Event Title

Advantages and Examples of Collaboration During Environmental Review of Projects in the Salish Sea

Presentation Abstract

The Coast Salish Nation covers over 645,000 acres and is the ancestral territory of British Columbia Coast Salish Nations and Western Washington Tribes. The Nation shares family ties, cultural, political alliances and desire to protect our resources in the endangered eco-region. Since time immemorial, the Coast Salish people have related by languages and bloodlines, have lived in the mountains, shorelines and watersheds of the Salish Sea. We, the indigenous peoples of the Salish Sea, honor and respect our sacred trust to restore, preserve and protect our culture, treaties, aboriginal rights and the land, air and waters of the Salish Sea.

Many projects and activities in the Salish Sea which are subject to environmental review requirements have potentially significant economic and environmental consequences. Complex interests, policies, laws, rights, and mandates are held by multiple parties with a direct substantive stake in these projects and activities. Scientific understanding also plays a key role in these projects and the environmental review process.

Referencing selected examples of projects that have undergone or are undergoing environmental review, we will highlight examples to illustrate how multiple interests – for example, economic diversity and growth, as well as environmental protection – can interact with respect for each others’ mandates as governments, citizens, and first peoples. Through our participation in this session, we hope to contribute to better understanding of each others’ mandates and our collective tools for achieving our respective interests.

Session Title

Cross-Border Exchange: Environmental Review Processes for Projects with Transboundary Impacts

Conference Track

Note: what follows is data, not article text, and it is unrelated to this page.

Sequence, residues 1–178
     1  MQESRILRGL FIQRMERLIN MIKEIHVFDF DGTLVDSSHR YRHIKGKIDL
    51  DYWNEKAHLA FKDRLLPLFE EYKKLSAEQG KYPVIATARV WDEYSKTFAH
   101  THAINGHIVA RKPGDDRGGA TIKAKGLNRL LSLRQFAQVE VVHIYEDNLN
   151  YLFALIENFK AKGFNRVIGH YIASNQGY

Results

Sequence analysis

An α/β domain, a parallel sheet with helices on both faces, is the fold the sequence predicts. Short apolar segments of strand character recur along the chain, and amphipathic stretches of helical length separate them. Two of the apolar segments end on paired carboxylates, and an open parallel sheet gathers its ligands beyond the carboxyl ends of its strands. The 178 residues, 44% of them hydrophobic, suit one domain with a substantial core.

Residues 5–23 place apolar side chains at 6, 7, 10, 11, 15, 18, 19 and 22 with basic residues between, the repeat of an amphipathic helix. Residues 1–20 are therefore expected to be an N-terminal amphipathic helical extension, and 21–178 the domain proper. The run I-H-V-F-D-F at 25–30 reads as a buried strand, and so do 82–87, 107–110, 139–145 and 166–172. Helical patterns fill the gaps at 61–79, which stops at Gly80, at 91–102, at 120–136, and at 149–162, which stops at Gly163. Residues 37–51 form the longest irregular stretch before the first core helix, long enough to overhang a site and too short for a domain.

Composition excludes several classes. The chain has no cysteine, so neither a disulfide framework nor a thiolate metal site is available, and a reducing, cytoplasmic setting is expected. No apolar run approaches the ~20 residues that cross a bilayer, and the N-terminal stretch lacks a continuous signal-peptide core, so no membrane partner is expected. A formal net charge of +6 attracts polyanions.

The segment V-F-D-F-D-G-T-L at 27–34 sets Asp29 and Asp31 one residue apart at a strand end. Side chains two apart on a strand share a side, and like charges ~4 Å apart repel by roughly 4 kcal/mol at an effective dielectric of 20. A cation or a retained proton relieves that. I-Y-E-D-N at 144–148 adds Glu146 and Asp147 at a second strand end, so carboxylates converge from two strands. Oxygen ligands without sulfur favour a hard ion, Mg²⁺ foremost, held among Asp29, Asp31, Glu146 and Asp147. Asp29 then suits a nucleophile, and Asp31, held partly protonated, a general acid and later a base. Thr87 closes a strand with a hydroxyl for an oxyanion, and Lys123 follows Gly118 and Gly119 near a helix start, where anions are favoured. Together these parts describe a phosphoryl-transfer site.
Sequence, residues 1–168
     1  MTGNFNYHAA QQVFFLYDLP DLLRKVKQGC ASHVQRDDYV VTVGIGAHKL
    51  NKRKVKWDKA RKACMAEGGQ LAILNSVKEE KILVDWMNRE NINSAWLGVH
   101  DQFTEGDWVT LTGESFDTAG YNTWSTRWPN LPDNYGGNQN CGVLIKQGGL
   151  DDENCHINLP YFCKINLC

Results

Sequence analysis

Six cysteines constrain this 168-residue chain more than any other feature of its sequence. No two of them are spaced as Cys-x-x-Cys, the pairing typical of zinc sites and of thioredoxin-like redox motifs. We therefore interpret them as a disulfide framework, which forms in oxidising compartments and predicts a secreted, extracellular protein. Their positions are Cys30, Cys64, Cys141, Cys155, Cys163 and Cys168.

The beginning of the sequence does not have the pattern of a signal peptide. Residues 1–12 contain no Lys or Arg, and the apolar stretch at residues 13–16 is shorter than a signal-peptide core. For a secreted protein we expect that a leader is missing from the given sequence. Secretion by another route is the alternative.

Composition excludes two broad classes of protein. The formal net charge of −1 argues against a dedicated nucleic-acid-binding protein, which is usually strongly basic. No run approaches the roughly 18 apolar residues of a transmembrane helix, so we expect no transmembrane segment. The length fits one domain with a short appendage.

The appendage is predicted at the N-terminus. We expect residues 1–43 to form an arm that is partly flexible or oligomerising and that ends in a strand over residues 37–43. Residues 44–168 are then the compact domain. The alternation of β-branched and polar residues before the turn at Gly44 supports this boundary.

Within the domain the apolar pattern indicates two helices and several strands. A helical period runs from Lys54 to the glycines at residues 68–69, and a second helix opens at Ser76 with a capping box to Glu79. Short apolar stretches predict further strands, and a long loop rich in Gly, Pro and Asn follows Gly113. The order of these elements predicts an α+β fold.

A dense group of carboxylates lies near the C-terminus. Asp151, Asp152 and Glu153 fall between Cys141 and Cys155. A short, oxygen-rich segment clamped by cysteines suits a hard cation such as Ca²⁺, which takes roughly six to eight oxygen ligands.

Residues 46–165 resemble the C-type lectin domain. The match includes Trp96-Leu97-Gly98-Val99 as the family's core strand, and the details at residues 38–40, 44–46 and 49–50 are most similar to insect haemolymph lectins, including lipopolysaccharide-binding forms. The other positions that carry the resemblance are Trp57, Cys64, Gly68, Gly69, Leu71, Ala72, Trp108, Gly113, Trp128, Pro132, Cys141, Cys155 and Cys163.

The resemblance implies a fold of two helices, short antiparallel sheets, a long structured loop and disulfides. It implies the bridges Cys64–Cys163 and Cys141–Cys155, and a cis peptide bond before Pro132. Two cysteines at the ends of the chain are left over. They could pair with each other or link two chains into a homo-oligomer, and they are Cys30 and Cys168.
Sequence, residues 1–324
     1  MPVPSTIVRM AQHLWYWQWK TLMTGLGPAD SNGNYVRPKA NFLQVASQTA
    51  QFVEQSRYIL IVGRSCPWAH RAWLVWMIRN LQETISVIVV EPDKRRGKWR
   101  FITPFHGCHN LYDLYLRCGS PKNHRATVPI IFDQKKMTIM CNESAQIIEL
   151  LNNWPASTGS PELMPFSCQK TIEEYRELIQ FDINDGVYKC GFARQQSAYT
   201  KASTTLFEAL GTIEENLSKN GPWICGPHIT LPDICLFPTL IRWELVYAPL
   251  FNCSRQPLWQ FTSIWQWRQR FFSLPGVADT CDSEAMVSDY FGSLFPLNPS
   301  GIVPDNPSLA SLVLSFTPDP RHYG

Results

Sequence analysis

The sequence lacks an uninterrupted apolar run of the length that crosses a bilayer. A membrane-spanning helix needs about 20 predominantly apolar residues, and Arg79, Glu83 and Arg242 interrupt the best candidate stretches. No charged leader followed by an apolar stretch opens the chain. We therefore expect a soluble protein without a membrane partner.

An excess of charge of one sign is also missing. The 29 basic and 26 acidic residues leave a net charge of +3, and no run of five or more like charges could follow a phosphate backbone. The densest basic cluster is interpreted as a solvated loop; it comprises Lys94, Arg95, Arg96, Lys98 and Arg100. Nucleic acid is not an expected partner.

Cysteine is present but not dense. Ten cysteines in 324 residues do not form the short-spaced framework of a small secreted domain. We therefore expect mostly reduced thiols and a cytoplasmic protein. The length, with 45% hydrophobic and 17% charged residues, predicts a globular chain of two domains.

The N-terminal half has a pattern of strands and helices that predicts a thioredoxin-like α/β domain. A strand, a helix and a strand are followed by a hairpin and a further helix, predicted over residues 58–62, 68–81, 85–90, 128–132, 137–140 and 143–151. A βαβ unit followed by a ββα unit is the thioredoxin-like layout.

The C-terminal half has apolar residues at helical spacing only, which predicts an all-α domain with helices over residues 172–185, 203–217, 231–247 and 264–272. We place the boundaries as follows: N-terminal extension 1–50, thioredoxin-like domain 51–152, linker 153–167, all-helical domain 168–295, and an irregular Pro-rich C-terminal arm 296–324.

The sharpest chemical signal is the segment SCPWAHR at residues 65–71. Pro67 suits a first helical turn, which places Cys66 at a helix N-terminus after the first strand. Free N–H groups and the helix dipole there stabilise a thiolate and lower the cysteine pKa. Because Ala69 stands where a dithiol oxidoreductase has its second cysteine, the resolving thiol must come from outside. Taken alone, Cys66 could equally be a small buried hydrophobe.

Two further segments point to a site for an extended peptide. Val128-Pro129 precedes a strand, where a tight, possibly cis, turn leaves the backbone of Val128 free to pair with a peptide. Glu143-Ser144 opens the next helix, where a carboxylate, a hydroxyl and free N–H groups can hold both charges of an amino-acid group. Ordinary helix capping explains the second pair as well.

Policy and Management

Conference Name

Salish Sea Ecosystem Conference (2016 : Vancouver, B.C.)

Document Type

Event

Location

2016SSEC

Type of Presentation

Oral

Contributing Repository

Digital content made available by University Archives, Heritage Resources, Western Libraries, Western Washington University.

Rights

This resource is displayed for educational purposes only and may be subject to U.S. and international copyright laws. For more information about rights or obtaining copies of this resource, please contact University Archives, Heritage Resources, Western Libraries, Western Washington University, Bellingham, WA 98225-9103, USA (360-650-7534; heritage.resources@wwu.edu) and refer to the collection name and identifier. Any materials cited must be attributed to the Salish Sea Ecosystem Conference Records, University Archives, Heritage Resources, Western Libraries, Western Washington University.

Type

Text

Language

English

Format

application/pdf

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Advantages and Examples of Collaboration During Environmental Review of Projects in the Salish Sea

2016SSEC

The Coast Salish Nation covers over 645,000 acres and is the ancestral territory of British Columbia Coast Salish Nations and Western Washington Tribes. The Nation shares family ties, cultural, political alliances and desire to protect our resources in the endangered eco-region. Since time immemorial, the Coast Salish people have related by languages and bloodlines, have lived in the mountains, shorelines and watersheds of the Salish Sea. We, the indigenous peoples of the Salish Sea, honor and respect our sacred trust to restore, preserve and protect our culture, treaties, aboriginal rights and the land, air and waters of the Salish Sea.

Many projects and activities in the Salish Sea which are subject to environmental review requirements have potentially significant economic and environmental consequences. Complex interests, policies, laws, rights, and mandates are held by multiple parties with a direct substantive stake in these projects and activities. Scientific understanding also plays a key role in these projects and the environmental review process.

Referencing selected examples of projects that have undergone or are undergoing environmental review, we will highlight examples to illustrate how multiple interests – for example, economic diversity and growth, as well as environmental protection – can interact with respect for each others’ mandates as governments, citizens, and first peoples. Through our participation in this session, we hope to contribute to better understanding of each others’ mandates and our collective tools for achieving our respective interests.